Updated from 12:35 a.m. EST
Credit Suisse First Boston
broke ranks with Frank Quattrone on Monday, after turning up emails that suggest he might have known the bank faced a federal investigation when he told employees to throw out documents in December 2000, according to a source.
The emails between Quattrone, arguably the most powerful investment banker of the Internet era, and the firm's then-general counsel indicate the two discussed what to do if clients asked about the probe, which focused on the bank's IPO allocation practices, a person familiar with CSFB's internal inquiry said.
CSFB said it had begun its own investigation of the powerful investment banker and would place him on administrative leave pending its completion.
Through a spokesman, Quattrone said: "I did nothing wrong. I am confident that the investigation will show that."
Quattrone already faces charges from securities regulators for allegedly directing CSFB research analysts to tailor their ratings to help attract banking business, as well as for allegedly doling out hot initial public offering shares to favorite clients.
It was reported last week that regulators are reviewing a Dec. 4, 2000, email sent by CSFB investment bankers telling employees to purge certain emails as the firm braced for investor lawsuits over fallen IPO shares. Shortly after it was sent, reports emerged that some of the bank's IPO practices had drawn the interest of securities regulators, including the NASD and the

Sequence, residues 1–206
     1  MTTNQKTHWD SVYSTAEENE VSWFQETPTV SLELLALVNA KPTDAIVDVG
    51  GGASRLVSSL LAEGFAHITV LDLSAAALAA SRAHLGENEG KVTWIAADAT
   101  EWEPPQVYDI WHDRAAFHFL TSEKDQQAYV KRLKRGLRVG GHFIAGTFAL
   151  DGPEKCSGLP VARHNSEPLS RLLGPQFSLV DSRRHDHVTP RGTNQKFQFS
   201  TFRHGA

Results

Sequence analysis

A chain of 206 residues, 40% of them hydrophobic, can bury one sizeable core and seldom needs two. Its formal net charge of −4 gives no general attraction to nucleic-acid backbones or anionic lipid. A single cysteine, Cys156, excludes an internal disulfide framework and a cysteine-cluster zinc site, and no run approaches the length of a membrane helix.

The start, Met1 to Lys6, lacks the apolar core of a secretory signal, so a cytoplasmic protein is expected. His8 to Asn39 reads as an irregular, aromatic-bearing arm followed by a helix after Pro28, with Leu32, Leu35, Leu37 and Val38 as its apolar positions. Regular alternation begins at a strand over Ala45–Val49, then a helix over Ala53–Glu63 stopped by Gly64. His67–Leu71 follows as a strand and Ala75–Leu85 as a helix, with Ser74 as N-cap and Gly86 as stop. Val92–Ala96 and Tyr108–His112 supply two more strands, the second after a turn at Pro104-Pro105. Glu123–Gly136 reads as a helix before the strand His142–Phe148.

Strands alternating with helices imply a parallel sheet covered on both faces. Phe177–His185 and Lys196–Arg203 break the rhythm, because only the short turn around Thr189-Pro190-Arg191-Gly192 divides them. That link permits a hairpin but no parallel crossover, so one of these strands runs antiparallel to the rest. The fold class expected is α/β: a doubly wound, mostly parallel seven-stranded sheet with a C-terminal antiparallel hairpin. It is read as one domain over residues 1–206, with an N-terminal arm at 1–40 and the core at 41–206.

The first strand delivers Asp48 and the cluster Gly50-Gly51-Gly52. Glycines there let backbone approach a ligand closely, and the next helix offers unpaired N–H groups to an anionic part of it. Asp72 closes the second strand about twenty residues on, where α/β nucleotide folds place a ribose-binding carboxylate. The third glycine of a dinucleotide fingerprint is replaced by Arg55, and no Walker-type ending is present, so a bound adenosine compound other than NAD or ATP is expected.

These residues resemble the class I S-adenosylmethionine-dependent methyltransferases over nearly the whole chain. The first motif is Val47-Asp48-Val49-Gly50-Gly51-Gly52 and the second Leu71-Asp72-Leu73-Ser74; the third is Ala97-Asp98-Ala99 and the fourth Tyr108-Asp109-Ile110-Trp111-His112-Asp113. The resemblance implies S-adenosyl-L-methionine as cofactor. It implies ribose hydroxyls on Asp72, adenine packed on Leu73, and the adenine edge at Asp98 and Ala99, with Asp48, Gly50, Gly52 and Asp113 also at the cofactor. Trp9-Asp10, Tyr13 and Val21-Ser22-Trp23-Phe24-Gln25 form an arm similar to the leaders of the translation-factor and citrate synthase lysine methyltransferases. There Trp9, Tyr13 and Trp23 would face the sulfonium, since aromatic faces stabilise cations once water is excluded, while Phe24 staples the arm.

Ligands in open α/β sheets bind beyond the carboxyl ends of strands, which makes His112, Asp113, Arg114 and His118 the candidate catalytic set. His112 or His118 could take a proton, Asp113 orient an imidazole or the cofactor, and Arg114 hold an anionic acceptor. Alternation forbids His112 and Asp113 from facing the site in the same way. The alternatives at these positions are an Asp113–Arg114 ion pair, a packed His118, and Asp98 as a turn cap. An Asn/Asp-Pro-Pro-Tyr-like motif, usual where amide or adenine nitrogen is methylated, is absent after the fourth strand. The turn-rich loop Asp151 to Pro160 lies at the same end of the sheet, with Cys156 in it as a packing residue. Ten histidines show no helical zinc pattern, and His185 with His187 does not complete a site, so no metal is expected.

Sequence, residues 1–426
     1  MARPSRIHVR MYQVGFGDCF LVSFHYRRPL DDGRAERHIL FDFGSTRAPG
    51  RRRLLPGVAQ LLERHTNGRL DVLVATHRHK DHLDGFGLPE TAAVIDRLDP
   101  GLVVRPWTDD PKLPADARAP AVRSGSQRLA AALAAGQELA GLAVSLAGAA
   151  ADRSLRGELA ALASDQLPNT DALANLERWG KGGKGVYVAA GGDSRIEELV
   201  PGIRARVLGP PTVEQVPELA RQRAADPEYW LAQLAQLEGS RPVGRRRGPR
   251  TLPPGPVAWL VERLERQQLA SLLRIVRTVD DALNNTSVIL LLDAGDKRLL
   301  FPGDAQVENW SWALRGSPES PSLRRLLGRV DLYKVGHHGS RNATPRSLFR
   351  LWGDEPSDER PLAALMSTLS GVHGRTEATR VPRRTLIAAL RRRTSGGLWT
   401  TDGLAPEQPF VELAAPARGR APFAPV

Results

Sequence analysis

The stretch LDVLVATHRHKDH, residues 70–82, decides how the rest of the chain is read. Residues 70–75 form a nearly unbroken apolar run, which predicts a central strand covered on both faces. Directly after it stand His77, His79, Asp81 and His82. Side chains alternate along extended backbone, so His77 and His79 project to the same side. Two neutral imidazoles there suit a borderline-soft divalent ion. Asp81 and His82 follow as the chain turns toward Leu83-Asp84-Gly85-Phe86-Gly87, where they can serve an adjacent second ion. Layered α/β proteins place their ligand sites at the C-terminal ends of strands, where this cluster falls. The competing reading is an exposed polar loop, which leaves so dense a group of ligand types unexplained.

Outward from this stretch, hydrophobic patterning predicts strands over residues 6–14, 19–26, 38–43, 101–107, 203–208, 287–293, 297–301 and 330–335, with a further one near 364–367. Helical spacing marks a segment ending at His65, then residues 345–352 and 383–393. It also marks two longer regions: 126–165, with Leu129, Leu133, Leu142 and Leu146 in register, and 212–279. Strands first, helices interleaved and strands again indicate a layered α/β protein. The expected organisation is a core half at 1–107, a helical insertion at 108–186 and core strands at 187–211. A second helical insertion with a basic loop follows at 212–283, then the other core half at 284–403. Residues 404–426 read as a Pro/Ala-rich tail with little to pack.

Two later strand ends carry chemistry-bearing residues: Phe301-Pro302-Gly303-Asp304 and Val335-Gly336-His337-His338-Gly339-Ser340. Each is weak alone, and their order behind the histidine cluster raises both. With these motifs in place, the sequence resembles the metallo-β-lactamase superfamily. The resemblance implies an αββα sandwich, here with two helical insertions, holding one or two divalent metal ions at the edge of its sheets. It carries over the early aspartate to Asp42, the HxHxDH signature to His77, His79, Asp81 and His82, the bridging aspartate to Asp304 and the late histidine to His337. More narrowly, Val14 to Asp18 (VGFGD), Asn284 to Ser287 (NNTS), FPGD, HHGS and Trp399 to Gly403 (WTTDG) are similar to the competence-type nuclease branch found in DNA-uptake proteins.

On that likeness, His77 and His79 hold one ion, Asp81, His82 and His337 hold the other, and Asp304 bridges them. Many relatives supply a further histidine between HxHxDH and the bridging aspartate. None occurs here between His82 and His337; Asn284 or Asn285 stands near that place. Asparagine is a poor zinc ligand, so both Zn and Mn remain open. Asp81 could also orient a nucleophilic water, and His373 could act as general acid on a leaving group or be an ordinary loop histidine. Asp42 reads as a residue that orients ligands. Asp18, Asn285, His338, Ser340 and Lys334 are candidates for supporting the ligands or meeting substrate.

Securities and Exchange Commission
CSFB, early last year, paid a $100 million fine to resolve that investigation, which involved allegations that the Wall Street firm took "kickbacks" from some money managers seeking to get IPO allocations.
CSFB, in its release Monday, said Quattrone was placed on leave after the company uncovered information that "raised questions" about whether he had been aware of that regulatory inquiry, when his office circulated the email about "document retention" practices at the firm. CSFB said that in light of the new information, it had "questions about whether Mr. Quattrone had acted appropriately in December 2000 when he sent that email and permitted a subordinate to send a similar email to employees."
A person familiar with CSFB's internal inquiry said that when Quattrone was first asked last week about the Dec. 4, 2000, email, he said he had not been aware of the IPO inquiry at the time the email was written. But late last week, CSFB General Counsel Gary Lynch discovered several emails indicating that Quattrone may indeed have known of the IPO allocation inquiry by the NASD and the SEC.
The source said Lynch uncovered several emails in which Quattrone and then CSFB General Counsel David Brodsky discussed that regulators were beginning to look into some of the firm's IPO practices. Those emails, written prior to the Dec. 4 email, offered Quattrone advice on what to tell corporate clients if they asked him about the regulatory inquiry.
Brodsky, now a partner in the New York office of Latham & Watkins, could not be reached for comment.
The NASD, meanwhile, recently notified Quattrone that he might face civil charges stemming from his dual role as CSFB's lead technology investment banker and the supervisor of some of the firm's tech analysts.
Last week, when news of the NASD charges was first reported, CSFB appeared ready to stand behind Quattrone. A statement released by the firm gave no indication that Quattrone would be put on administrative leave.
In its release, CSFB implied that no documents were destroyed. The firm said it "acted promptly to ensure that all relevant documents would be preserved and provided to authorities."
Quattrone's suspension is with pay.
Neither Quattrone, nor his lawyer, Kenneth Hausman, could be reached for comment.
Last week, however, Quattrone issued a statement in which he said he was cooperating with regulators and was "confident that the truth will prevail."
Quattrone, during the bull market's heyday, was among the Street's elite investment bankers and helped push CSFB to the top of the IPO rankings.